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accept

[ ak-sept ]
/ ækˈsɛpt /
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See synonyms for: accept / accepted / accepting on Thesaurus.com

verb (used with object)
verb (used without object)
to accept an invitation, gift, position, etc. (sometimes followed by of).
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Origin of accept

1350–1400; Middle English accepten<Middle French accepter<Latin acceptare, equivalent to ac-ac- + -cep- take, combining form of cap- + -t- frequentative suffix

words often confused with accept

The verbs accept and except are sometimes confused because of their similar pronunciations, especially in rapid speech. Accept means “to take or receive” ( I accept this trophy ), while except means “to exclude” ( Certain types of damage are excepted from coverage in this insurance policy ).

OTHER WORDS FROM accept

pre·ac·cept, verbre·ac·cept, verb (used with object)

WORDS THAT MAY BE CONFUSED WITH accept

accept , except (see usage note at the current entry)
Dictionary.com Unabridged Based on the Random House Unabridged Dictionary, © Random House, Inc. 2021

ACCEPT VS. EXCEPT

What’s the difference between accept and except?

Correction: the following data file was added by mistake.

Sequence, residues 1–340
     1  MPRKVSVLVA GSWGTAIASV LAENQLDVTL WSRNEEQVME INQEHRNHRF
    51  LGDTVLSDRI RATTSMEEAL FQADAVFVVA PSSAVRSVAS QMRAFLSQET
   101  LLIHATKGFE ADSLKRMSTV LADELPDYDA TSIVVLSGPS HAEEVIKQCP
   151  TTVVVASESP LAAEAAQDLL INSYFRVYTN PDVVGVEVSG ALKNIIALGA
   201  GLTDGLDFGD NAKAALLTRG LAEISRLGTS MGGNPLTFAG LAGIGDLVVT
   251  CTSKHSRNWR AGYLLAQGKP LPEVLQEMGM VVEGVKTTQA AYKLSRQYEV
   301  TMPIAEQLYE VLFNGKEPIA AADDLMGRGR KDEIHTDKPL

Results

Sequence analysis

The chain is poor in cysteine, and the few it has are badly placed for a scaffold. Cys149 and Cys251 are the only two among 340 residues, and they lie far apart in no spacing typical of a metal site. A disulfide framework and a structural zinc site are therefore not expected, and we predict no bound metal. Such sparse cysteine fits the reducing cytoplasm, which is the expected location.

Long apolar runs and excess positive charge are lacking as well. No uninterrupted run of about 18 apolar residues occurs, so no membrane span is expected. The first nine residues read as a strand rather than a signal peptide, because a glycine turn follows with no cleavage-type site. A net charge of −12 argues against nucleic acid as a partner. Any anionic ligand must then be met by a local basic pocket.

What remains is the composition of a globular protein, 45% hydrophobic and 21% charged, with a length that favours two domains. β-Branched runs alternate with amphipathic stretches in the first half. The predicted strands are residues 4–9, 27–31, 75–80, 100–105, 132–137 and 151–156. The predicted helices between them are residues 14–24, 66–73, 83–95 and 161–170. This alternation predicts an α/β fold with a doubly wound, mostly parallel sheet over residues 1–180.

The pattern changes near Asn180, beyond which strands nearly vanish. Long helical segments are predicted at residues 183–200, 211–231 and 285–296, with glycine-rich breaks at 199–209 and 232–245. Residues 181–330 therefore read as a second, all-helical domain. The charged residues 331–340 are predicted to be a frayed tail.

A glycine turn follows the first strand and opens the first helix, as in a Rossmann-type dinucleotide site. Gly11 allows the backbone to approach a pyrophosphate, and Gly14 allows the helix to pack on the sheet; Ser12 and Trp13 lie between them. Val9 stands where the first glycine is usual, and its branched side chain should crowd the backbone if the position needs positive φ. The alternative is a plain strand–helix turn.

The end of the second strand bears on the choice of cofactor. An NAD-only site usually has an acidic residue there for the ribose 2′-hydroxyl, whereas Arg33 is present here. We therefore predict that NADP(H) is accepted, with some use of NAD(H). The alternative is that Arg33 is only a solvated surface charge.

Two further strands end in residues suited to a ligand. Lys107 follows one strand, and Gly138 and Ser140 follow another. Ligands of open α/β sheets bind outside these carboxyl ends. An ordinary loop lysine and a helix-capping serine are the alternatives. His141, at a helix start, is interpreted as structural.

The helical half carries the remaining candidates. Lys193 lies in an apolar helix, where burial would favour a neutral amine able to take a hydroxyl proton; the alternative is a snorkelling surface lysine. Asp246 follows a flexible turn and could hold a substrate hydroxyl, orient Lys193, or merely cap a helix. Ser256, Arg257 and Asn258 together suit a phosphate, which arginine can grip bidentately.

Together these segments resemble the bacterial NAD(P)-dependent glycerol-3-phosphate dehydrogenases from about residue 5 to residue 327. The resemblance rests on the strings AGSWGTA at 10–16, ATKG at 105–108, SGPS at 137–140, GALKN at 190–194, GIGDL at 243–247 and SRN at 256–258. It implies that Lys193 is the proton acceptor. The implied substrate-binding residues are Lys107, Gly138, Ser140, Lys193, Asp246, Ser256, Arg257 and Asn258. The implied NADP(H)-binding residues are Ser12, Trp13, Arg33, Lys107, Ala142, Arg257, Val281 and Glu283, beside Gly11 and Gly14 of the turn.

Accept is a common word with many meanings, most of which involve receiving something, taking something on, or putting up with something. Except is most commonly used as a preposition meaning excluding or but, as in Everyone was invited except me, or as a conjunction meaning but for the fact that, as in I would have called, except I lost my phone.

Except can also be used as a verb meaning to exclude, as in the common phrase present company excepted, but its verb use is much less common. In contrast, accept is always a verb.

To remember the difference in the spelling between accept and except, remember that except shares the prefix ex- with exclude, which is fitting since except is commonly used in situations in which someone or something has been excluded.

Accept, on the other hand, is often used in situations in which something is acquired.

Here’s an example of accept and except used correctly in the same sentence.

Example: I usually accept your excuses, except this time I know they’re not true.

Want to learn more? Read the full breakdown of the difference between accept and except.

Quiz yourself on accept vs. except!

Should accept or except be used in the following sentence?

The cake was great _____ for the icing, which was a little too sweet.

How to use accept in a sentence

British Dictionary definitions for accept

accept
/ (əkˈsɛpt) /

verb (mainly tr)

Derived forms of accept

accepter, noun

Word Origin for accept

C14: from Latin acceptāre, from ad- to + capere to take
Collins English Dictionary - Complete & Unabridged 2012 Digital Edition © William Collins Sons & Co. Ltd. 1979, 1986 © HarperCollins Publishers 1998, 2000, 2003, 2005, 2006, 2007, 2009, 2012
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